It’s taken me well over a year to sit down and write about my thoughts on The Wolf of Wall Street. During that time I’ve seen the film about four or five times and have battled between whether I think it is excellent, fairly flawed, or whether my opinion in fact lies somewhere in between. The reason for that confusion lies not in the performances which are uniformly pitch perfect, nor in the debate some had about its graphic and over the top displays of gratuitous nudity and drug use. Instead what I really was struggling with was whether or not the film was striking the right balance between reveling in Belfort’s depravity and reviling it.
Now one thing which is very clear during the film is that it doesn’t endorse either the lifestyle which Belfort leads, nor the method of business he uses to get there. Belfort gained his money by stealing it over the phone from those who needed it most, in order for him to then ‘spend it better’ on things like Ferraris, hookers and cocaine. I think it’s a very brave and commendable decision which Scorsese took in choosing not to show those victims in the film; only making as fleeting a reference to them as Belfort’s mind ever did. Their suffering is felt all the more strongly due to their notable absence, and we can sense the film’s contempt for Belfort in every frame, even whilst we unwittingly find ourselves getting caught up in his exuberant lifestyle. You see this is not a film which casts Belfort’s actions in a solemn light, instead it allows us to feel something of the rush of his lifestyle, to get caught up in the depravity on screen through humour, fast paced editing and DiCaprio’s magnetic charm. Wolf is disturbingly watchable and it’s the level of enjoyment which troubled me for so long. Scorsese has created a film that feels like it has come straight from Belfort’s own grandiose vision of himself, and if you’re not careful it’s easy to miss a lot of how the director subverts and criticses these actions.
As I mentioned earlier everybody is excellent here. The supporting actors including Jonah Hill, Margot Robbie and Matthew McConaughey all bring their A game, lifting their roles off the page and crafting them into being memorable, quotable and endlessly watchable characters on the screen. However it is Leonardo Di Caprio who deserves a huge round of applause. It is something of a wonder that he can maintain control of such a wildly ridiculous and extreme character and yet he dives into this role with such admirable vigor and comes out on the other side with a nuanced performance that is both exciting and revolting to watch on screen.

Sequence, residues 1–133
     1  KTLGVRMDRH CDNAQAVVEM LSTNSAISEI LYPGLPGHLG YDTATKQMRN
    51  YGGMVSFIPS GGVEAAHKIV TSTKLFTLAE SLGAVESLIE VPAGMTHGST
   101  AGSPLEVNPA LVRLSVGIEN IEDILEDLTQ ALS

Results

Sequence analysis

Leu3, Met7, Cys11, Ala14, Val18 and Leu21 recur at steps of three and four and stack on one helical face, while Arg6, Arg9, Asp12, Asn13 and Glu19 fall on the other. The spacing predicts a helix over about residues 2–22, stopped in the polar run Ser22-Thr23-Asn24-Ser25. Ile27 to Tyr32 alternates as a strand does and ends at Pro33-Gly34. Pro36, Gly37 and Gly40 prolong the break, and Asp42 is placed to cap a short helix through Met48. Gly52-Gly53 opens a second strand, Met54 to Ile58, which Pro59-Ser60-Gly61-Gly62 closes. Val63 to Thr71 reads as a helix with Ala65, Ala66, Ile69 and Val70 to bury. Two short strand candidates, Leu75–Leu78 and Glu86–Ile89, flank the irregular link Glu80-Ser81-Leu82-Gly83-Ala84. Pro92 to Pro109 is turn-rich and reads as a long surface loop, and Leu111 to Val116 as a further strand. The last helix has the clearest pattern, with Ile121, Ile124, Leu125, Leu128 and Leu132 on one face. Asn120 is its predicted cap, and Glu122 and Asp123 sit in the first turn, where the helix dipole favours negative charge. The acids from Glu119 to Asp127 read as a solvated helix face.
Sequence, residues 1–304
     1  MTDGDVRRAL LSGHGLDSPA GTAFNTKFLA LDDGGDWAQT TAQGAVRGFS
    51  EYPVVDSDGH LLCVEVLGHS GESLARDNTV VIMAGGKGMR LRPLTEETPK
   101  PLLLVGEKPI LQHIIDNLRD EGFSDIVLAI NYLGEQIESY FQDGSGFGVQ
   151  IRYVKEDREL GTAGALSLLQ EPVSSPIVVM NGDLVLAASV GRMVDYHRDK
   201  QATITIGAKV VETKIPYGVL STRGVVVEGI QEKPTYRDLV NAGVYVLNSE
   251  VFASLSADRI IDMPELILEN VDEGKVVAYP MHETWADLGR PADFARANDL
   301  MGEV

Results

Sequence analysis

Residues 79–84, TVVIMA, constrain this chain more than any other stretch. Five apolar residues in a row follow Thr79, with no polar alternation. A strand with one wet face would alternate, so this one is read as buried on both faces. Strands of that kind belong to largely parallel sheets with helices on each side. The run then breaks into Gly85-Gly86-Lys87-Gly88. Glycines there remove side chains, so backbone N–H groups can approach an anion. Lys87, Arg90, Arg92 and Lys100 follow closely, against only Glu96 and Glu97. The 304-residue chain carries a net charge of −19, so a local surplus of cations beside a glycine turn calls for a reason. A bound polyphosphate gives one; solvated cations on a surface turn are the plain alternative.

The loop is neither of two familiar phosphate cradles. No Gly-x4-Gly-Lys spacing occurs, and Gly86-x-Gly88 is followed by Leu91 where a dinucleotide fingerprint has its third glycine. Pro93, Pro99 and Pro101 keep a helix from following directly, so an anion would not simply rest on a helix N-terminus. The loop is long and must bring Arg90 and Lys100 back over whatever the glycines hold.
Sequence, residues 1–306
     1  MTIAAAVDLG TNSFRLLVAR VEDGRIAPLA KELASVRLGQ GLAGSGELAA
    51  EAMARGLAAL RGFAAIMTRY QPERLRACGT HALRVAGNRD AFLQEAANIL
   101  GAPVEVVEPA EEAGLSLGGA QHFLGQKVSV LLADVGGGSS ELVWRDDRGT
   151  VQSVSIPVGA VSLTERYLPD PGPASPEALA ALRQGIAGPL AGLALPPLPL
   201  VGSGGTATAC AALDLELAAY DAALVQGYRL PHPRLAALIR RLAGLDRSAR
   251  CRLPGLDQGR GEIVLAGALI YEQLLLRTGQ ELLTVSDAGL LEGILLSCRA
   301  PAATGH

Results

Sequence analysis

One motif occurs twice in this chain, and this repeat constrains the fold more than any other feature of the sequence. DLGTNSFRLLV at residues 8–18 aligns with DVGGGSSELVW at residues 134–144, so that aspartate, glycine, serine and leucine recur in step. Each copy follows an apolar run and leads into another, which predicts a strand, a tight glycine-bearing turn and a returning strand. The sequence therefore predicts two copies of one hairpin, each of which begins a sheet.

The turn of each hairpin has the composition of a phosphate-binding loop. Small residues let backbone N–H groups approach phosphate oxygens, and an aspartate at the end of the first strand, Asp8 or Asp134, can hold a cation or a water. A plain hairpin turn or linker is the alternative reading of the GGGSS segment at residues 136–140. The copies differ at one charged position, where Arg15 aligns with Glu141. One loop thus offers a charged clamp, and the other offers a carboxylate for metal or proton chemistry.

The first time around the film’s strategy of piling one crazily excessive scene on top of another over and over again is highly effective, but with every re-watch the need for a stronger edit becomes increasingly apparent. It has been made as long as it is simply because it’s powerful to be hit over the head with so much insanity and it makes you almost physically tired just watching the events play out on screen. You leave the film feeling incredulous in a way which perhaps you wouldn’t quite feel if the film had been only two hours long. Then again if this could have hit us a little harder emotionally and have shown a slightly more bloodthirsty cutting hand in the editing room then it could have been a future classic. As it is it’s a laugh out loud black comedy which gives us a very timely look into our own society, but we go away from it remembering the laughs and crazy excess rather than the darker side of the American dream.
What is the film’s greatest strength? There’s a lot to like but it has to be DiCaprio.
Its greatest weakness? It’s just too long.
Would I see it again? Absolutely. As overly long as it is this is still a film that’s an awful lot of fun.
Thanks for reading, please do let your thoughts loose in the comment box below!